Reclassifying cannabis was a mistake: it sent all the wrong messages and caused great confusion, especially among young people. Marjorie Wallace, the chief executive of the mental health charity SANE, reiterated her opposition to reclassification. She said:
"These studies are showing links between cannabis and schizophrenia and illnesses like it, which we have suspected anecdotally for many years.
In many instances cannabis is the trigger for the schizophrenic breakdown. We would oppose re-classification."
She went on to say:
"We have 1,000 calls a week on our helpline, of which 36 per cent. are from psychotics. Among all those young men I have interviewed on the helpline, with only one or two exceptions, cannabis was involved."
These are people's experiences; these are the facts. We know that obesity and a lack of exercise are the precursors of heart attacks. Now, we are learning to identify the precursors of psychosis. Mental health professionals are warning of these dangers much more than ever before. Dr. Robin Murray has said that cannabis is the No. 1 problem facing the mental health services in inner cities.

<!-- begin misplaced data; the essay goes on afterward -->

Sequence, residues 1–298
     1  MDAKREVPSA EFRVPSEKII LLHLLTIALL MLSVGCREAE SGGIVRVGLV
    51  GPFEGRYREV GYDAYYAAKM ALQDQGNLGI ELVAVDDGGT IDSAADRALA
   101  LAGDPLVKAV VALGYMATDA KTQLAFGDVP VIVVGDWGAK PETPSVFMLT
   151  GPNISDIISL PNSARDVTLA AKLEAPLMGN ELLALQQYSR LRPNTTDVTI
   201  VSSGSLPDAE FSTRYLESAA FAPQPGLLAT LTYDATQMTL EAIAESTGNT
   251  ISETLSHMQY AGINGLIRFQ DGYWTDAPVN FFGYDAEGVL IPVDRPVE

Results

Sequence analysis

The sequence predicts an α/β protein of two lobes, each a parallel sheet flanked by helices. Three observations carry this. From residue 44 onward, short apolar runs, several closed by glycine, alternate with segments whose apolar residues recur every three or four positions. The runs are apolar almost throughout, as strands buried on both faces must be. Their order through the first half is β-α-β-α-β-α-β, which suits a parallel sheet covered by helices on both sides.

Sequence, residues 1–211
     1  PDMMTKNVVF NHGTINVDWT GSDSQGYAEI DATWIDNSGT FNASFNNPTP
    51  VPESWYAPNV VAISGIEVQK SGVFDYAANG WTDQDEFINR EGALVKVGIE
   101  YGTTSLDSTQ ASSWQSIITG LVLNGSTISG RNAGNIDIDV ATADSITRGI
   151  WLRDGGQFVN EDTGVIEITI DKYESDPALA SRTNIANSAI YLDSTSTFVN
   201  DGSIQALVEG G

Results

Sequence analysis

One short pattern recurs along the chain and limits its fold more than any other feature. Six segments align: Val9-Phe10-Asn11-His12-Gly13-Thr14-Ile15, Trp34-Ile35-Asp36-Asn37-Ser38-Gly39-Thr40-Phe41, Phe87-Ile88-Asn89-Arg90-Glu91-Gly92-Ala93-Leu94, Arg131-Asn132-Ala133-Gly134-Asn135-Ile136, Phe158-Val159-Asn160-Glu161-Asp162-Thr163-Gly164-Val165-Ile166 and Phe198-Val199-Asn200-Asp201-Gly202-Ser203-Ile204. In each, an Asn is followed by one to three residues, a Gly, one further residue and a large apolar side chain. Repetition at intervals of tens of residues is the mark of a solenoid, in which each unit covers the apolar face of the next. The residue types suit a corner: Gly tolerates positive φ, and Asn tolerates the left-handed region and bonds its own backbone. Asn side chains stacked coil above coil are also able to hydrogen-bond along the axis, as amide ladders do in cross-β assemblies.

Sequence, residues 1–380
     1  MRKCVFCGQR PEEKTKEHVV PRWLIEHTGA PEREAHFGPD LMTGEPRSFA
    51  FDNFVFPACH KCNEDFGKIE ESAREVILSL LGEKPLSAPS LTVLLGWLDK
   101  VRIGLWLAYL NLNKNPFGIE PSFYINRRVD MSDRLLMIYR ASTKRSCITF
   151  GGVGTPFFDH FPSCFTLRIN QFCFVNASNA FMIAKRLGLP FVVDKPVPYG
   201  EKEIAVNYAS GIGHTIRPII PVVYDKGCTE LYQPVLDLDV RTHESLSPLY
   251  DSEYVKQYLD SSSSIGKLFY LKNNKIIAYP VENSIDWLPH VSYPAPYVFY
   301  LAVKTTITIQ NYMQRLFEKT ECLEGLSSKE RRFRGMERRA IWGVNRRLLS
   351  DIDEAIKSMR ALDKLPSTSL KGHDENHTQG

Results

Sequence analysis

Of course, Madam Deputy Speaker. My main reference point is the fact that the Government have not seen the error of their ways and taken the opportunity to change the classification of cannabis in the Bill.
A particular problem exists in relation to dual diagnosis. People with mental health problems who also have problems with addiction, particularly to hard or soft drugs, are being let down. Theirs are the worst cases of all. All too often, they might be able to access treatment for their mental health problem—or occasionally for their drug addiction—but then have to wait another six to nine months or more to get the other part of the equation dealt with, by which time they have slipped back down the slippery slope. We must ensure that all the appropriate treatment for people with a dual diagnosis is available as a package. It is ridiculous to get someone off a drug problem that has led to a mental health problem without treating the mental health problem. It could lead them to revert to drugs if they have to wait another nine months for the other part of the package. We need much better joined-up thinking when dealing with patients with a dual diagnosis involving drugs and mental health.